Work to be carried in common portions is to be undertaken by the syndicate of co-owners. In its capacity of the client, he is the instigator and the beneficiary thereof. It prepares the specifications and consequently the needs, the budget, the provisional calendar and the objectives to be achieved. In relation to such work, the syndicate should always be governed by its mission. It should never act as a substitute for the general contractor, such as mandating the subcontractors directly to do the work, or by interfering in the conduct of the construction site, in the place and stead of the people responsible therefor.
The syndicate shall cause the work necessary or useful for the maintenance of the common portions and the conservation of the immovable to be carried out. This may include repair and repair work on the roof , structural work, pipes, parking lots and elevators, etc. In this capacity, he concludes contracts with companies and monitors their execution. If he neglects to undertake the required work, and this causes damage to a co-owner or third parties, he may be held liable.
The building professional: a key player
Normally, the syndicate is competent to supervise the performance of minor work, such as that involving a trade. However, for any construction site requiring the participation of several trades, it will generally have to be assisted by experienced building professionals. These professionals entail a cost, but they could end up saving the syndicate a lot of money, especially if the site is more complex than expected, or if the work is of a lower quality than originally planned. The participation of one or more professionals may therefore be necessary in certain circumstances.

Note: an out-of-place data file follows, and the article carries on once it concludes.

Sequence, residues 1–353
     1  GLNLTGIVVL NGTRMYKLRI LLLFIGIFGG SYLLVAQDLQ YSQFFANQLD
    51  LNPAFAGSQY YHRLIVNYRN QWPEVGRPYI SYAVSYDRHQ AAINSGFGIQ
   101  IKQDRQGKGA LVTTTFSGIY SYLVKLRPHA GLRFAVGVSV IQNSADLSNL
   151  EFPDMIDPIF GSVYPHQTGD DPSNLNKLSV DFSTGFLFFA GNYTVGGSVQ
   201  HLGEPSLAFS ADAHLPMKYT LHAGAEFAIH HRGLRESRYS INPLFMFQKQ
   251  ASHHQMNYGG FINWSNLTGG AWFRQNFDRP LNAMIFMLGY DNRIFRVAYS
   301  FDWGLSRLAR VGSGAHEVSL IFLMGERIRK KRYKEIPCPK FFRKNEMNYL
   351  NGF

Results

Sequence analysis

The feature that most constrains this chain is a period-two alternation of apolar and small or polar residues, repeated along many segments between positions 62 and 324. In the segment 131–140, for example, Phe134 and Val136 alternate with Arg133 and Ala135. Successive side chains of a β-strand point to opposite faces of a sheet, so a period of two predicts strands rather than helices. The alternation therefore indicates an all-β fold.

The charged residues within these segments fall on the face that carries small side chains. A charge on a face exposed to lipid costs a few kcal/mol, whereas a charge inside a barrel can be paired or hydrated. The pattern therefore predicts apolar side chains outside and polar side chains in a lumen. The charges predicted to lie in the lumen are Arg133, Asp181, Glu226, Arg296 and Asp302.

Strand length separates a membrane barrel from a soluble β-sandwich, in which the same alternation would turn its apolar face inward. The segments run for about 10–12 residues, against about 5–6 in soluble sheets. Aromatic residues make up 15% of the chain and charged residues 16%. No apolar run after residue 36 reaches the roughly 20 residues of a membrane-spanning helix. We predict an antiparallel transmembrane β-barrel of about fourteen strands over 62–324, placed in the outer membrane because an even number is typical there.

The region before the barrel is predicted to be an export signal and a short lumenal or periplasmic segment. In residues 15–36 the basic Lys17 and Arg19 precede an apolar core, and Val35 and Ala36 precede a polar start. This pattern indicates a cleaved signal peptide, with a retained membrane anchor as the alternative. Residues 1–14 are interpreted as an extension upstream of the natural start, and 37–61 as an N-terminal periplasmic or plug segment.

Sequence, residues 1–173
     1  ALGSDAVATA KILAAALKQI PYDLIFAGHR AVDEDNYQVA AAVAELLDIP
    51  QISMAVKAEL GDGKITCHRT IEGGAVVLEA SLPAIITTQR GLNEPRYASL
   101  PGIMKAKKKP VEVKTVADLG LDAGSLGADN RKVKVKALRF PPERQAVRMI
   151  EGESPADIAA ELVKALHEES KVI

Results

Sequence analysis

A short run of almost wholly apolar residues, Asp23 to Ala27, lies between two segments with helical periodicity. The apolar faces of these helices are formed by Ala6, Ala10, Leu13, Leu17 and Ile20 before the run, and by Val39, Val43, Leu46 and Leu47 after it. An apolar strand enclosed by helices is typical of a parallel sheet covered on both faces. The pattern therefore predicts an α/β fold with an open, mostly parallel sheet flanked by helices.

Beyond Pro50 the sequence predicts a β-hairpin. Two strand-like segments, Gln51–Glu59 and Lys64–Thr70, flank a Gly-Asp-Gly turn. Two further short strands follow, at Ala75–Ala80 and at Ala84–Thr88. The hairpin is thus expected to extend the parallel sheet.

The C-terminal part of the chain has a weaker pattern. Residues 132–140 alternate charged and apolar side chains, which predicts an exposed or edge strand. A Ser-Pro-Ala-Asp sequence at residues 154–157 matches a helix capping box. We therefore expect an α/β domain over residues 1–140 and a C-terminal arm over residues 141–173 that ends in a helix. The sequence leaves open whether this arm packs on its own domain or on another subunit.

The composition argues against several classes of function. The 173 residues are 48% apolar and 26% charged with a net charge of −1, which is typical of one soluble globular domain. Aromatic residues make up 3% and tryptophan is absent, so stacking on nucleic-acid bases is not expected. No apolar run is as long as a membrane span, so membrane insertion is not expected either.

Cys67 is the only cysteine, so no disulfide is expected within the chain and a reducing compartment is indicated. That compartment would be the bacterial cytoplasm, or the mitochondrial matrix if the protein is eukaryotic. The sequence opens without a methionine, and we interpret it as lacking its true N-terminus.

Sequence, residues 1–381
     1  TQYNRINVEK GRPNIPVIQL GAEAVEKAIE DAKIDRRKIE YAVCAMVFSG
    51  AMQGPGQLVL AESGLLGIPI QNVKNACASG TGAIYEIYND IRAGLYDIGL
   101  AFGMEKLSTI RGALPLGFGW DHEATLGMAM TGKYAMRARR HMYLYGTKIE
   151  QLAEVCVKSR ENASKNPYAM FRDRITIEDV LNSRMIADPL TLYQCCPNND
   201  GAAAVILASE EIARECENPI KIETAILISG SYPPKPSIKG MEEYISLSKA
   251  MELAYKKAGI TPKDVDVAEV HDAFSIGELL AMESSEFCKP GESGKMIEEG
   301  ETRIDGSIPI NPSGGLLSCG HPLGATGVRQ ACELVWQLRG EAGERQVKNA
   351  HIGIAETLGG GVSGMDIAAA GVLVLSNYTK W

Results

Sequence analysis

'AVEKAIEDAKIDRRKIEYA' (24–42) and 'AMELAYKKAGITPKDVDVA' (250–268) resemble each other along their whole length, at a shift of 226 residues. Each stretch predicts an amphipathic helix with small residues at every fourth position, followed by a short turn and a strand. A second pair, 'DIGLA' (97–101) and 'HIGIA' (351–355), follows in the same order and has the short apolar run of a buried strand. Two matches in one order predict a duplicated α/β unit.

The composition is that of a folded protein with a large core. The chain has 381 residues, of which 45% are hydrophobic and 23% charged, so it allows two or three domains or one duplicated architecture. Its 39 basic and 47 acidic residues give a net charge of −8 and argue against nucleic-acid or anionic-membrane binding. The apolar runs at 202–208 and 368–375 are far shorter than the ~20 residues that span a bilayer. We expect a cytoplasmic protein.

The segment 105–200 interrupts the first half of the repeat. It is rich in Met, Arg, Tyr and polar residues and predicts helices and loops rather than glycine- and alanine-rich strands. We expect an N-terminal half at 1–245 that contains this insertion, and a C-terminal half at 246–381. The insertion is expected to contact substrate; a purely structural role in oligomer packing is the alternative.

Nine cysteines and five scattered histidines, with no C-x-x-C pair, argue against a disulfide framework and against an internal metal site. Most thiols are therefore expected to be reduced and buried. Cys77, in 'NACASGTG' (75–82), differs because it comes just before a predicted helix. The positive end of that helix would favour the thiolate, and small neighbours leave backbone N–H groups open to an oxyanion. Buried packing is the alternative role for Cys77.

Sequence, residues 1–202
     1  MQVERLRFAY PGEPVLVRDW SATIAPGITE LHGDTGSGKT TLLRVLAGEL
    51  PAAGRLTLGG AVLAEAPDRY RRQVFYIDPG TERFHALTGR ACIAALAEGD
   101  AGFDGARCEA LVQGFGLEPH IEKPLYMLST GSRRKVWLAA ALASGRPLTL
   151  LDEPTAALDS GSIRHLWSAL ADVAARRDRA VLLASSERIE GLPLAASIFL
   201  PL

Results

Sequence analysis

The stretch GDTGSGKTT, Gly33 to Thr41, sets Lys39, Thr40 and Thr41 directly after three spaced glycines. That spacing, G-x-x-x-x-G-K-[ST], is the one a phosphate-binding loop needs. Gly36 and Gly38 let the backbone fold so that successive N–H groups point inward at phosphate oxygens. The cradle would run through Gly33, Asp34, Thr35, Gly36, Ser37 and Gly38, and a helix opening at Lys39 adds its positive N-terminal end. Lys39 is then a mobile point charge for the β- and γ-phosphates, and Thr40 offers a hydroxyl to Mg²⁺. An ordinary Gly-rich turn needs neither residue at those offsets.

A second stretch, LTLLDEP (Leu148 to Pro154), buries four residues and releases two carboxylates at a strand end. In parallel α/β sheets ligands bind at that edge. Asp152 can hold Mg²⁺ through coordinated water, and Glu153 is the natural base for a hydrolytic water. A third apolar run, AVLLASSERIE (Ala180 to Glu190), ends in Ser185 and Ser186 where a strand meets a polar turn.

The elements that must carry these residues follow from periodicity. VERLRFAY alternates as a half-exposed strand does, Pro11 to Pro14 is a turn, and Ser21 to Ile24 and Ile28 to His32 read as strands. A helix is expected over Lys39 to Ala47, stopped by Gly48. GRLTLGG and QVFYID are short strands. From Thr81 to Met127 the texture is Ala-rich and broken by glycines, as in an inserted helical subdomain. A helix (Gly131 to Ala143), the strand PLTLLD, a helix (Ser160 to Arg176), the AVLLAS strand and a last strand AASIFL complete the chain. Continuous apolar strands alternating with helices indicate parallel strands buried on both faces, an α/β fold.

Directors with relevant experience in major building work are rare indeed. Those who believe they are capable of managing such work are better to deliver the goods, otherwise they may engage their personal liability. Unfortunately, some of them are foolhardy enough to think that they do not need a professional to successfully complete such work.
Not only do you need to retain the services of an architect, of an engineer or of a professional technologist to handle large-scale work, but you would also be well advised to entrust to the latter the management of each stage leading to completion. First and foremost, he will conduct an inspection of the immovable, and then prepare a detailed report outlining the issues, if any. The next step will be to prepare plans and specifications. These plans will include drawings indicating where the work is to be done. As for specifications, they list products and material to be used, and specify how they should be installed.
The intervention of a professional during all stages of the work will prevent other potential concerns, resulting from low quality work. This can happen if the syndicate prepares the tender documents by itself, and that it does not have sufficient knowledge of the products and material available on the market. For example, a bidder may suggest using cheaper products than those required in the call for tenders at an unjustifiable cost. In the case of roof repairs, to cite an example, if the manufacturer's bilayer elastomeric membrane “x” is required, and company “y” is suggested instead, a construction professional will ensure that the second option will not compromise the integrity of the work.